Communication is the foundation stone of your company’s success, and no matter which outsourcing model you choose, communication will be the defining success factor of your cooperation with the outsourced team.
But if communication is of such obvious importance, why do many companies fail to build proper communication with their outsourced teams? Very often the outsourcer does not understand the real value of good communication and is not ready to invest in it by allocating a person with profound understanding of the project to coordinate it. Companies view outsourcing mainly as a way to reduce costs. Consequently, the process becomes secondary, while it should be well-managed to bring a good result. Another problem is lack of an effective communication strategy or inability to stick to it.
Here are some of the elements that are crucial to building a successful communication model:
1. Set the tone in the early stages with an open and comprehensive discussion about the project needs, scope, schedule, and objectives. This will help you avoid misunderstanding in the later stages of the project implementation and get the outsourced team fully on board to solve the issues entailed by the project.
2. Be careful when negotiating the budget for the team. As big as your desire to save may be, make sure, the project is worthwhile for the outsourced team, and you will work with a group of motivated and skillful professionals who will not be replaced over time with less experienced (and cheaper) staff.
3. Your outsourced team should be able to receive your communication in a standardized format, which is easy to follow and give feedback to.
4. Schedule your reports and meetings. If metings are regular, it is easier for the team to plan their work better around the events and get used to providing you with their reports and feedbacks on time.
5. Establish channels. Video conferencing and instant messaging as well as email are great means of communication, each for its own purposes. It should be agreed which channels are convenient for the people concerned. This way the sender will take the right decision as to the best way to communicate a message and the recipient will be encouraged to receive it.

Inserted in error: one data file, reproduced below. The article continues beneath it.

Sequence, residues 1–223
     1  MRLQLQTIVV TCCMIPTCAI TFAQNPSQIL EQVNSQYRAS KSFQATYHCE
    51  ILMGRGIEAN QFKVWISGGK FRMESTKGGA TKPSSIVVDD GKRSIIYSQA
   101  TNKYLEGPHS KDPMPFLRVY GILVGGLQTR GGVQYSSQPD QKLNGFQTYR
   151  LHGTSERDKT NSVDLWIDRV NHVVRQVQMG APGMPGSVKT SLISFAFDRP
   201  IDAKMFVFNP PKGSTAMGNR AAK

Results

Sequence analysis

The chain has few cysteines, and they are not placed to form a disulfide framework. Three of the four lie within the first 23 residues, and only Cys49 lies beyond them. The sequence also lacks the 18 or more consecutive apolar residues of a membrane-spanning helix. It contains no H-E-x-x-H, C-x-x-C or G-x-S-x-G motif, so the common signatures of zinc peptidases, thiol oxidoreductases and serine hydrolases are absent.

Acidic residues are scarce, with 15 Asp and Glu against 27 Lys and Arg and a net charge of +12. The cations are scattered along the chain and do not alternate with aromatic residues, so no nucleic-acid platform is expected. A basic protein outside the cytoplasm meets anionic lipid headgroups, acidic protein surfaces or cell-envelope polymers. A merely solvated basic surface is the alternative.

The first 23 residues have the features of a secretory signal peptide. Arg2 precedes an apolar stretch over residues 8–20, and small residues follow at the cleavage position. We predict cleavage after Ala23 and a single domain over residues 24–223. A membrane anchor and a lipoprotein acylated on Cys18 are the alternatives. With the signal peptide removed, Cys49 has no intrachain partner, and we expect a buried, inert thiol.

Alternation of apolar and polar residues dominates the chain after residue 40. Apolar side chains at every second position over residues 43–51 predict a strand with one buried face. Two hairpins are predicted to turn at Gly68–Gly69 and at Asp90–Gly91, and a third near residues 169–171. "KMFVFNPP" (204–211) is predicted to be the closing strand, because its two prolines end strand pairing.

6. Including your outsourced team in your task management system is a good idea, especially is your own IT staff is involved in the project too and thorough coordination is required. This way you can track the workload, issues and priorities. It is an especially practical solution if you have chosen to outstaff and manage the team yourself.
7. Even though you are working with an outsourced team, help them get your company’s team spirit and keep them better motivated by building a relationship with them. Especially if you go with outstaffing model and hire people for an on-going or a long-term project, it is essential that you keep them in the loop on your company’s situation and progress. Add them (at least the key people) to your company-wide emails and show how the outsourced team is a part of the company’s long-term strategy. Once you are happy with your outsourced team’s expertise and productivity, be on the lookout for ways to expand their scope of work and responsibility in your company. This way the team will stay motivated to invest time and effort in your projects.
8. Encourage interaction and exchange of messages instead of one-way communication. This way even in between your meetings the outsourced team will be exchanging ideas and staying on the same page.
9. Be proactive and encourage others to do the same. Provide all relevant information before questions or concerns arise and misunderstandings build up.
10. If you work with a team from a different country, or a team that consists of people of different cultures, you need to be aware of the differences and build an inclusive environment for people of diverse backgrounds. In this global world such differences tend to smooth out over time, as more people pick up the Western business culture. But even in the European continent you will come across many different national holidays (e.g. Christian holidays celebrated on different dates depending on whether you are dealing with Catholics or Orthodox Christians), and businesses going to low productivity mode during vacation season (July and August in most European countries), which is less usual for Americans. And our differences are not limited by our ethnic or religious backgrounds: in the modern world businesses grow more inclusive of age, ability, gender or sexual orientation and ability, and you have to be prepared to deal with all the different people that make up your brilliant team of IT specialists.
As an example, our company provided an outsourced team for a company owned by Jewish businessmen in the US. The project started just weeks before the Jewish New Year and Jewish holiday season began and lasted for three weeks. Within this period our team sent reports but received almost no feedback and kept on working according to the project schedule. Three weeks later a lot of feedback came in and some of the features needed to be adjusted, which made us revise the project schedule to fit in all the additional hours to make the changes. You live, you learn. In our new projects we took note of not only national, but also other traditional holidays.
Mind, it is far too convenient to blame communication failure on cultural differences. In reality those are rarely the major reason. It all usually comes down to understanding the true importance of proper communication and providing the resources to steer the ship.